“Civilian” programs sprang up from the need to produce plutonium for weapons. When the Queen opened “the world’s first nuclear power station” in Sellafield, UK in 1956, its primary role was to produce plutonium for British bombs. The same is true of early reactors in the US, France, Russia and China.

The next five countries to develop nuclear weapons—India, Israel, Pakistan, South Africa and North Korea all did so in secret, under the cloak of “peaceful” nuclear energy programs.

In the 1960s, Australia’s then Prime Minister John Gorton pushed the construction of a nuclear reactor at Jervis Bay. He told the Sydney Morning Herald many years later that: “[We were interested in Jervis Bay] because it could provide electricity to everybody and it could, if you decided later on, it could make an atomic bomb.”

Even before this, the Menzies government had established a “research reactor” with British help at Lucas Heights south of Sydney in 1958 (another was built at the same site in 2002). Lucas Heights has been used to advance weapons technology, such as research into laser uranium enrichment techniques. In exchange for the reactor, the Australian government allowed the British to bomb Maralinga (near Woomera in South Australia) from 1955 to 1963. The traditional owners of the land, the Pitjantjatjara and Yankunytjatjara people, were forcibly removed from test sites.

Reports of disproportionate levels of blindness and cancer among those involved in the tests, and the local Aboriginal population, forced a Royal Commission in 1983. It found remaining significant radiation hazards at the test sites. Over one hundred square kilometres of South Australia is still considered uninhabitable. Scandalously, from 1957 to 1978, scientists secretly removed bone samples from 21,000 dead Australians to search for evidence of the deadly poisoning Strontium-90, a bi-product of the testing. Australia’s first major uranium mine, Rum Jungle in the NT, was established in 1954 to feed the weapons programs of Australia’s “great and powerful friends”.

These are the lengths Australian rulers have been prepared to go to to give themselves an economic and military advantage. The impact of the anti-nuclear movement in the 1970s combined with the abundance of cheap coal means Australia has never pursued nuclear power, nor built up its own nuclear arsenal. But Australia’s uranium mining industry continues to provide the government with a crucial strategic lever in international negotiations, alongside its the alliance with the world’s sole superpower, the US.

Nuclear today

Over the past decade, as concern about climate change has grown, the nuclear power industry has worked overtime to position itself as a “clean and green” alternative to fossil fuels.

Nuclear fission itself does not produce carbon emissions. But when the full impact of the whole nuclear chain is accounted for, emissions from nuclear equate roughly with those of gas power. In Japan, extensive modelling has already demonstrated that renewables could replace the entire reactor fleet.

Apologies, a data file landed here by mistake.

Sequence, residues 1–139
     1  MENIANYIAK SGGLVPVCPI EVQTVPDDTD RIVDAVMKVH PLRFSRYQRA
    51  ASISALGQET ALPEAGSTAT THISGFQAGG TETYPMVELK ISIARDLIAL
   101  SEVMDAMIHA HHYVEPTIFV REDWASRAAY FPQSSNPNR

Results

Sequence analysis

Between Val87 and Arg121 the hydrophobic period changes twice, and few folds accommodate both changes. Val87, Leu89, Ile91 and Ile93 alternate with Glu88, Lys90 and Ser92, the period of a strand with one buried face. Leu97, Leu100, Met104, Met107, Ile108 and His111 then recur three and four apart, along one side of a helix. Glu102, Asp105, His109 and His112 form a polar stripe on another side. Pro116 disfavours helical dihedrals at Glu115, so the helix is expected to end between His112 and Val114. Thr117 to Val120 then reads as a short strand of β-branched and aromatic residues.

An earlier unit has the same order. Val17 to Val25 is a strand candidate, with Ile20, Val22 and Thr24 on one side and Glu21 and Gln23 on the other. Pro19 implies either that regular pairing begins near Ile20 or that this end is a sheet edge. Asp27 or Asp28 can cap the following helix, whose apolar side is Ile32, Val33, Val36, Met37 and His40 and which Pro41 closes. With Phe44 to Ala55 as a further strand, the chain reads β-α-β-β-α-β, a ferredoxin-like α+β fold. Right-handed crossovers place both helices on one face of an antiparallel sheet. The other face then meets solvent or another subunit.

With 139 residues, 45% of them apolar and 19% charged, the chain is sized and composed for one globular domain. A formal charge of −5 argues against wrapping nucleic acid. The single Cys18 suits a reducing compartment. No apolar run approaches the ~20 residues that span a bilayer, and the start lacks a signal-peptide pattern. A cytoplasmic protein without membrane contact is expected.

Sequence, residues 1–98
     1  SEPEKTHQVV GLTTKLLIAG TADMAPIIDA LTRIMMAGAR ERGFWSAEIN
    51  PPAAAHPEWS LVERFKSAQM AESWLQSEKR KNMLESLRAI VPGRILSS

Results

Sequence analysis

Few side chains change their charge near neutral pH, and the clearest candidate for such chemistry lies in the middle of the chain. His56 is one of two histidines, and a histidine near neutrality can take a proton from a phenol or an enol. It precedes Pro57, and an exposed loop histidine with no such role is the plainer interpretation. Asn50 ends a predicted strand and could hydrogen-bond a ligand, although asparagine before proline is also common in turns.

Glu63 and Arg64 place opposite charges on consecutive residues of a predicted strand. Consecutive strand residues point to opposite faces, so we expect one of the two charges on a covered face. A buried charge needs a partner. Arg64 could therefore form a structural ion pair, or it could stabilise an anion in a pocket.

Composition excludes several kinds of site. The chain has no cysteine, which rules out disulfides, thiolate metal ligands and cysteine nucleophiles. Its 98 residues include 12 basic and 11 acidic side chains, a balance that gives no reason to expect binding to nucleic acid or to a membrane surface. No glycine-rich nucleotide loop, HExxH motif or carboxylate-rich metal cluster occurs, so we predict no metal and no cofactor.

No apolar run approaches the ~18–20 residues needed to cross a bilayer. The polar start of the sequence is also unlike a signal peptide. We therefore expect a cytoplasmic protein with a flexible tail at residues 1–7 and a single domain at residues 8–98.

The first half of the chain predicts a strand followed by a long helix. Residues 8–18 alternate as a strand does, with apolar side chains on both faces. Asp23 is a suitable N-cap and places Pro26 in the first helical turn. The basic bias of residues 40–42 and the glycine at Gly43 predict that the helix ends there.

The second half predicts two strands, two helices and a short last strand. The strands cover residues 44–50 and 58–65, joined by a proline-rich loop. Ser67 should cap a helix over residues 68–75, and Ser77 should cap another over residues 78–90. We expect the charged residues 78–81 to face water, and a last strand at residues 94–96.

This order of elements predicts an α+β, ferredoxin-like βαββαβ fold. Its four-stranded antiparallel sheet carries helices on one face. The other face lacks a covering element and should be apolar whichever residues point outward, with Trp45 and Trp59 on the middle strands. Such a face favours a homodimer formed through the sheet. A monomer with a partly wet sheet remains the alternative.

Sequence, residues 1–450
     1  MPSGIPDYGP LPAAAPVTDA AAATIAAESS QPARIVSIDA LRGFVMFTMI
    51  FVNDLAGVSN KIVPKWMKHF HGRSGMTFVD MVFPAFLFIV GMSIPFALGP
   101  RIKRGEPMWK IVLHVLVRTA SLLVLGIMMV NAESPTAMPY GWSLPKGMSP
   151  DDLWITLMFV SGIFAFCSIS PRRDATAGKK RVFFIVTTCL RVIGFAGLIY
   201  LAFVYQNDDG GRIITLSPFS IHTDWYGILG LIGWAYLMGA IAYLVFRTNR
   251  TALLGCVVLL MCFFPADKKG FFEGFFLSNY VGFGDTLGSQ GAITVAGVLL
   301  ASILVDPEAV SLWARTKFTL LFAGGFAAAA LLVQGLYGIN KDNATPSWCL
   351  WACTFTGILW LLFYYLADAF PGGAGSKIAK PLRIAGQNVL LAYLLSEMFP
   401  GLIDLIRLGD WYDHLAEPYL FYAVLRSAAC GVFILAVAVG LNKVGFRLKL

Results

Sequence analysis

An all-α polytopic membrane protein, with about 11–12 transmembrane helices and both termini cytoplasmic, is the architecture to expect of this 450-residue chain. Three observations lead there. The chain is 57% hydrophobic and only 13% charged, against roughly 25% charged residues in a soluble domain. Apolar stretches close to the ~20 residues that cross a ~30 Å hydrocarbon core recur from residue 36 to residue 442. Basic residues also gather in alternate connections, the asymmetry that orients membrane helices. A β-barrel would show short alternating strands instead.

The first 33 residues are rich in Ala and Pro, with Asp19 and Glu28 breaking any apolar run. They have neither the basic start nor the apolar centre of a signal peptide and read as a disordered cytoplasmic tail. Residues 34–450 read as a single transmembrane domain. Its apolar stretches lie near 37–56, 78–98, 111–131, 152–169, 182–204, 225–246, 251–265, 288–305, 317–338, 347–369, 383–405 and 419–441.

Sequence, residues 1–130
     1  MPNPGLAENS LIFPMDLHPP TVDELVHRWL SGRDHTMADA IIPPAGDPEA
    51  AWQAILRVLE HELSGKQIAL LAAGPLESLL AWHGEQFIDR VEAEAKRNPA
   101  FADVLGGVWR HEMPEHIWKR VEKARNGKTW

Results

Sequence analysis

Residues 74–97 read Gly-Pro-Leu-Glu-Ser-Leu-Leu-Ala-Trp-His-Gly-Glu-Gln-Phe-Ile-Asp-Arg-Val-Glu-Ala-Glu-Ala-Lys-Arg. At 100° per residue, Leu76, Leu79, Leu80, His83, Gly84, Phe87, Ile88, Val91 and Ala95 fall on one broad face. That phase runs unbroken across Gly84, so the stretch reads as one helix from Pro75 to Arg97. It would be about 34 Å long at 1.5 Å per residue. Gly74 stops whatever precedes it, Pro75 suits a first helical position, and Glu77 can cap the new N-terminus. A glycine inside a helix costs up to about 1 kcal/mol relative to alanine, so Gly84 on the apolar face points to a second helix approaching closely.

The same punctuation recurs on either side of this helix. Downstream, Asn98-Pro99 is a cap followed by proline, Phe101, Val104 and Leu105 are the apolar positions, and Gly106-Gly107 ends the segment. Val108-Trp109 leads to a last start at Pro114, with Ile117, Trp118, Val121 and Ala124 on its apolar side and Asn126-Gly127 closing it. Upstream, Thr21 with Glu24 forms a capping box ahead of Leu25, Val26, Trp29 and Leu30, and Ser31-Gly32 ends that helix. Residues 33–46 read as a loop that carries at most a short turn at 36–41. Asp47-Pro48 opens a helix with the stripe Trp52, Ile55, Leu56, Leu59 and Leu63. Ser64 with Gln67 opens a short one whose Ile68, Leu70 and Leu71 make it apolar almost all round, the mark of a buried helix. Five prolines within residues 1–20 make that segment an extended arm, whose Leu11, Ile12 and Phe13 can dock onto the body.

Many world leaders, including Barack Obama, also argue that nuclear helps provide “energy security” in an increasingly hostile world.

Imperialist competition between nations means some want develop an industry they can control over relying on imports from competitor nations. When compared with coal and gas, only small amounts of uranium fuel need to be imported to run power stations. The lack of fossil fuels in Japan was part of the reason Japanese rulers were attracted to nuclear power.

It is the enduring geo-strategic advantages gained from nuclear that explain why it is the “alternative” being pushed by global elites. The US is planning to build more than 20 new reactors at the same time as they undertake an $80 billion “modernisation” of their nuclear weapons arsenal and a $100 billion investment in upgrading nuclear delivery systems like nuclear armed submarines.

Under capitalism, the drive to exercise control over other countries and wage wars for economic interests leads to the production of deadlier and deadlier weaponry to intimidate rivals and wage deadlier wars. Evidence points to the use of depleted uranium rounds by US troops in the Iraqi city of Fallujah—designed to break through walls and kill those inside. Doctors in Fallujah are reporting escalating infant mortality and cancers. The fallout from depleted uranium lasts for thousands of years. And the US hasn’t stopped—there are reports troops are using uranium-tipped weapons in the “humanitarian intervention” Libya.

The horror unleashed at Fukushima is reason enough to get rid of nuclear for good. But the world’s rulers are pushing ahead with new fossil fuels, nuclear power and nuclear weapons developments completely undeterred by the catastrophic consequences for people and the planet. The vested interests at the core of this toxic global system need to be challenged head on. We need a world based on sustainability and solidarity—not one based on weapons and war.